Luc Gommans/ blog

Spoofing TCP connections without sequence number prediction

Written on 2016-08-16

It's commonly known among security people that predicting sequence numbers is an old attack which we prevent by using a CSPRNG. Problem solved, right?

Not if you don't need to predict them in the first place.

I learned of old TCP sequence number vulnerabilities some years ago but always wondered: isn't a 32-bit integer bruteforceable anyway, regardless of whether you can predict it? A subject in school allowed for us to earn credits for a small research project and I thought this was a good fit.

The initial calculations seemed promising. It seems that spoofing a fully acknowledged TCP connection, without using a man in the middle attack, would take take 20 minutes on a 1gbps internet connection. Getting a gigabit connection is cheap, for example on DigitalOcean the hourly price is 0.7 cents. Yes, less than one cent.

Source code snippet, see download below

Together with Raoul Houkes I wrote a proof of concept that we would run overnight on school's virtual network environment (it's meant for security testing). After spending some time on creating ethernet, IP and TCP headers from scratch (since existing tools like Scapy aren't fast enough), we set it to run that night.

The software would record all network traffic in a looping buffer, throwing away old traffic and stopping as soon as we got a valid connection (so it wouldn't be overwritten).

The following morning there was a match; it worked! It took a few hours because the virtual infrastructure and CPUs are very slow, putting through only around 300mbps, and we weren't very lucky (it took 4 times longer than it should, something which happens about 13% of the time). But eventually we got a match, and the SSH server that we were testing sent its hello message.

Wireshark screenshot of the SSH server's response to a valid connection

Download: the source code | the pcap shown above.

How is this new?

Two reasons:

Programmers and sysadmins are, in most security experts' minds, notoriously unaware of security issues. In this case, even most security people are not aware of the issue because they know about the prediction issues, not brute force issues.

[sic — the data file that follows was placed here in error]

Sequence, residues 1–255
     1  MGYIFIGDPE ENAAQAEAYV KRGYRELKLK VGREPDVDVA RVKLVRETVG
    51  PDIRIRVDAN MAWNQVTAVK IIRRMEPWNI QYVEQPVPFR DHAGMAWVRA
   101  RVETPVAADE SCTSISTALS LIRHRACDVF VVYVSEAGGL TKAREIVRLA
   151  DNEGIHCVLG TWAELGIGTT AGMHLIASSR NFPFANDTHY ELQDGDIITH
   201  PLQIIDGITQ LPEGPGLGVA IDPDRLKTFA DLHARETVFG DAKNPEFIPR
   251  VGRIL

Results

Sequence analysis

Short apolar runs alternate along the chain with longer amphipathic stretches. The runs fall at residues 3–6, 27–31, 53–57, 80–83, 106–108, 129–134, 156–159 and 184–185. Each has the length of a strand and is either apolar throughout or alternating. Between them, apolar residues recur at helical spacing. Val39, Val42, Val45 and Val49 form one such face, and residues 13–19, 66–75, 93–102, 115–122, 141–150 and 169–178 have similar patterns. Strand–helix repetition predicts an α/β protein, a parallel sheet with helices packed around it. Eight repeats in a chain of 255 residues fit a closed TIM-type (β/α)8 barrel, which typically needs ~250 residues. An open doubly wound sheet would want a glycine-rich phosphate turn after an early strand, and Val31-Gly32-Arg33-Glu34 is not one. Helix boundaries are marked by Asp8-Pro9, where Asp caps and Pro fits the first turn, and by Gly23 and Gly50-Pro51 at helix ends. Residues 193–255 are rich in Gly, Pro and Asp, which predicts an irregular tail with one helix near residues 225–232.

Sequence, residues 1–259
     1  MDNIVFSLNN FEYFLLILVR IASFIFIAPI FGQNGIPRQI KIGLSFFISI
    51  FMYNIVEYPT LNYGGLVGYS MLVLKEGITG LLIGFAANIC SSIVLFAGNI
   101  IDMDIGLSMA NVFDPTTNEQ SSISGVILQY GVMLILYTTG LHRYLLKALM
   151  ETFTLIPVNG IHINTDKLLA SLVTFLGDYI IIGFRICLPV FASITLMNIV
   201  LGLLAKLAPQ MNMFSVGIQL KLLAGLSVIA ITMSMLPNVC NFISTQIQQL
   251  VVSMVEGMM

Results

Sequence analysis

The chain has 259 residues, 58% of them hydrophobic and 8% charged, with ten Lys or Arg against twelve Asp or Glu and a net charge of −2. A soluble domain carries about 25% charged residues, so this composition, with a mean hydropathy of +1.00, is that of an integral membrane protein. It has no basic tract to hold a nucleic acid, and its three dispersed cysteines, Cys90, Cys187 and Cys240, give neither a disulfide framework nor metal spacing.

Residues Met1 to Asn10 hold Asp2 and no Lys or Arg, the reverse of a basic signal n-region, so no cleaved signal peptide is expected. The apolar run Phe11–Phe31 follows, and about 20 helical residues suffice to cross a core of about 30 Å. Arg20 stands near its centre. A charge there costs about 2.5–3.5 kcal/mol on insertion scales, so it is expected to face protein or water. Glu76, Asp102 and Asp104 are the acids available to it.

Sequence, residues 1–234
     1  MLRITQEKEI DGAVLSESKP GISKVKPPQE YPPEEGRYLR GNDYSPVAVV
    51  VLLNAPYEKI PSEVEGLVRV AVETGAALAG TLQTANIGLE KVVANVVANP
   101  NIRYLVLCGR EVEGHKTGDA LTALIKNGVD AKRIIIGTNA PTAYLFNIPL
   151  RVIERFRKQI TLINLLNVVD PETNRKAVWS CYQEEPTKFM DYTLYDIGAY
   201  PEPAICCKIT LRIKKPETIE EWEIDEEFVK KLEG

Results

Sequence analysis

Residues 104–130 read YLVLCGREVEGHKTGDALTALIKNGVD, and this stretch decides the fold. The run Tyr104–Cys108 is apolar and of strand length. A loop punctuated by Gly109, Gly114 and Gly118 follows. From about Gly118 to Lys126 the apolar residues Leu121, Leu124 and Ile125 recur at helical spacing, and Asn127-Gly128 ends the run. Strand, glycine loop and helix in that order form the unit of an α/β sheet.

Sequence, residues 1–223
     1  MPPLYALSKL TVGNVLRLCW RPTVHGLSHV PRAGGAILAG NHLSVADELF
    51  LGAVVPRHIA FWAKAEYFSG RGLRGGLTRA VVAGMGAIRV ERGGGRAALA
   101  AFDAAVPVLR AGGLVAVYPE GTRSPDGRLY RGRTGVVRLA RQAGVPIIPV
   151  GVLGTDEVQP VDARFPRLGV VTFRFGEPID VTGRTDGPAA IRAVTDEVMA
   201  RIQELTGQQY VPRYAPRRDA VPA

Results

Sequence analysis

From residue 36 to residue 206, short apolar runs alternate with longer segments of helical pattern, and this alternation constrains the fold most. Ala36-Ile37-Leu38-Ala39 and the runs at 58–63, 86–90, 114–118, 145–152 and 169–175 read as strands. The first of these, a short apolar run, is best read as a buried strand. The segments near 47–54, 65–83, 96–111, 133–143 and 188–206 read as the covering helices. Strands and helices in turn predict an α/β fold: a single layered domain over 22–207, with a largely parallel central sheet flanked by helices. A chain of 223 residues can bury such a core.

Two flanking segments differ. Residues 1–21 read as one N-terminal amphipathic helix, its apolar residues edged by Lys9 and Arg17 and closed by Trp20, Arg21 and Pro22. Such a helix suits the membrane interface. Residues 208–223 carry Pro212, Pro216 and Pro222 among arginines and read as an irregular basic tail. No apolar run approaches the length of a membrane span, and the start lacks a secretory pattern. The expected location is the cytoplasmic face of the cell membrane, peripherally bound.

Did this idea never cross nobody's mind before? I doubt it, but I couldn't find anyone mentioning this attack anywhere. When I wrote about this attack before, lots of people linked me to old (often pre-2000) blog posts and magazines that supposedly talked about this, but they're all about predicting sequence numbers.

What are the implications?

IP-based authentication, where having the right IP address is enough to be granted access, is a thing of the past. Still, lots of software has the option to use IP addresses as part of the authentication process.

Example of IP-based security measure in Drupal

So while there is not much software left that can be exploited using this technique alone (though I'm sure it's still out there somewhere), there is plenty of software where this attack can be used to circumvent hardening or security-in-depth. A weak password plus IP restrictions might suddenly not be enough anymore. Mail servers, ssh servers, file servers, firewalls, content management systems... almost every piece of software in these categories has the option to limit logins to certain IP addresses.

How to solve it?

Change the TCP protocol. But that's not very feasible.

An easier workaround is using additional layers on top of TCP such as TLS, where it's necessary to send more data back and forth before reaching the application layer protocol and being able to do damage.

Before all this can happen, though, we need to acknowledge that the issue is different from old (and solved) prediction vulnerabilities. When peple are aware, they know not to rely on it.